Chacos: The realities of living in a mountain town
Enjoy the Ride
I grew up in the densely packed, humid East Coast with frizzy hair that looked similar to the Broncos running back, Phillip Lindsay. I moved to Colorado right after college and never looked back.
Over the years, I’ve adapted my way of thinking and learned to do things differently, like moisturize multiple times a day and wear sunscreen even when it’s raining. I’ve picked up a few more Colorado truisms along the way.
Weather changes fast
It’s not unusual to be wearing flip flops and a t-shirt one minute and be bundled up under a blanket of snow the next. This past October, we’ve been dumped with over three feet of our moneymaker on the slopes of Aspen/Snowmass and other mountains have already opened for the season. Now that it’s November, we’re forecasted to have 10 days of uninterrupted sunshine and warm weather, so I’ll obviously leave the house with my winter coat, hat, and gloves just in case.
You’ll never have enough money
The cost of living is ridiculously high in comparison to other parts of the country. My two-income household still clips coupons and can rattle off the price of chicken in all the area grocery stores. You learn to justify an empty bank account for the beauty of backyard paradise and learn to buy in bulk and ration out the after-school snacks.
Traveling is a big deal
Chances are you’ll know a handful of the staff employed in your small, regional airport nestled in the mountains. You wonder how pilots navigate themselves like a string of dental floss between tall, jagged peaks as you simultaneously thank heaven for packing extra underwear on an always bumpy flight.
However, if you’re traveling with a family, have a tight budget, or depend on reliable flight patterns, you make alternative plans instead. You spend an extra day driving over mountain passes, park the car miles from the airport, hustle luggage by bus and train, and eventually fly out of Denver leaving beads of sweat in your wake.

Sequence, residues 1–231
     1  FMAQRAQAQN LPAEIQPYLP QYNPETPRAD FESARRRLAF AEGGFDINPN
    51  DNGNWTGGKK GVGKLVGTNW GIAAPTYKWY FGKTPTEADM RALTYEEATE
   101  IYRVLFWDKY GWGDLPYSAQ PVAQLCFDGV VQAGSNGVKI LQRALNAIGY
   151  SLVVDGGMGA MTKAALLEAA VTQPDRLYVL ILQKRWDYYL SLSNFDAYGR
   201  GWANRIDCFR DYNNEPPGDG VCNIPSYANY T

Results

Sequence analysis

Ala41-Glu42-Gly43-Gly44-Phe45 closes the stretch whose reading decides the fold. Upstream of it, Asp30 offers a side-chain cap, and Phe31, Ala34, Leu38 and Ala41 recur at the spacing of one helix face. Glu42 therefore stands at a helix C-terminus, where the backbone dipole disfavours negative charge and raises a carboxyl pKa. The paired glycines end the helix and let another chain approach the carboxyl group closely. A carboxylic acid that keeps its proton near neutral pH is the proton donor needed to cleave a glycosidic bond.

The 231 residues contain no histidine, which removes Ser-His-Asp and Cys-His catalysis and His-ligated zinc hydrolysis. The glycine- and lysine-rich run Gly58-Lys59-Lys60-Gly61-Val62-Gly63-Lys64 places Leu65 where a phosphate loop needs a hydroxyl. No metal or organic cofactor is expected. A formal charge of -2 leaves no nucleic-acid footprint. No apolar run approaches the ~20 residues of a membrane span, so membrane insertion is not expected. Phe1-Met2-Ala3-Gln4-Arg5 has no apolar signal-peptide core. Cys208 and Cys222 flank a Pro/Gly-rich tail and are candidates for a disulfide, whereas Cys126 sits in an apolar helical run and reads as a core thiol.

We have a clothing style similar to high-alpine, mountain goats
Bring your trendy, ski getup to a major metropolitan area, and you’ll look as hip as my husband wearing his Dansko clogs at the beach in the summertime. I’m always reluctant to get a mini-makeover when I head back east because my favorite fleece hoodie is ripped from my clenched fists and the huge pompom on my cute hat doesn’t present well at the theatre. Inevitably, I shake my head as I come back to Colorado postholing in my new high-heeled pumps.
We live in a utopic bubble
People say we’re out of touch with reality and I wholeheartedly agree. Our country, filled with shady deals, nepotism, aggressive behavior, racism, and blatant sexism, is the new norm. And although mountain living has its fair share of the same, I believe we work hard at a diversity of ideas and tolerance of thought. We have an acute awareness of the current events in our nation because they affect the people we know; they are our neighbors, coworkers, classmates, and friends.
We have no choice but to bring our best selves to the table if we’re going to survive life in a small town. That means I can’t flip the bird to the older driver driving slowly in the passing lane. Chances are, they are a friend’s parent.
Nature is our religion
For some of us, we trust in faith by going to church, a synagogue, or a mosque to pray. But for most people that live in a mountain town, their nourishment comes from skiing, hiking, or biking on the weekends. Our religious doctrine is nature, and we’d give up almost anything for lungs full of fresh, mountain air.
We like to have a good time
Many of us who live in the mountains are adrenaline junkies with an adventurous spirit. We’re addicts of all kinds and some of us crave the highs that eventually come at a cost. There’s a cautionary tale found at every turn with depression and suicide affecting ski towns in alarmingly high numbers. If you’re not talking about mental health with your friends, at work, or with your loved ones around the dinner table, then you should be. This affects all of us, especially people that live in an idyllic, ski town.
The kids keep us grounded
Lastly, whether it be standing on the sidelines watching a soccer game or sitting through a school play, our children keep this place real. We need all kids to keep their feet planted firmly on the ground so they can grow up to be better, healthier versions of ourselves. We want our utopic bubble to eventually become the norm.
Andrea Chacos lives in Carbondale, balancing work and happily raising three children with her husband. She strives to dodge curveballs life likes to throw with a bit of passion, humor and some flair.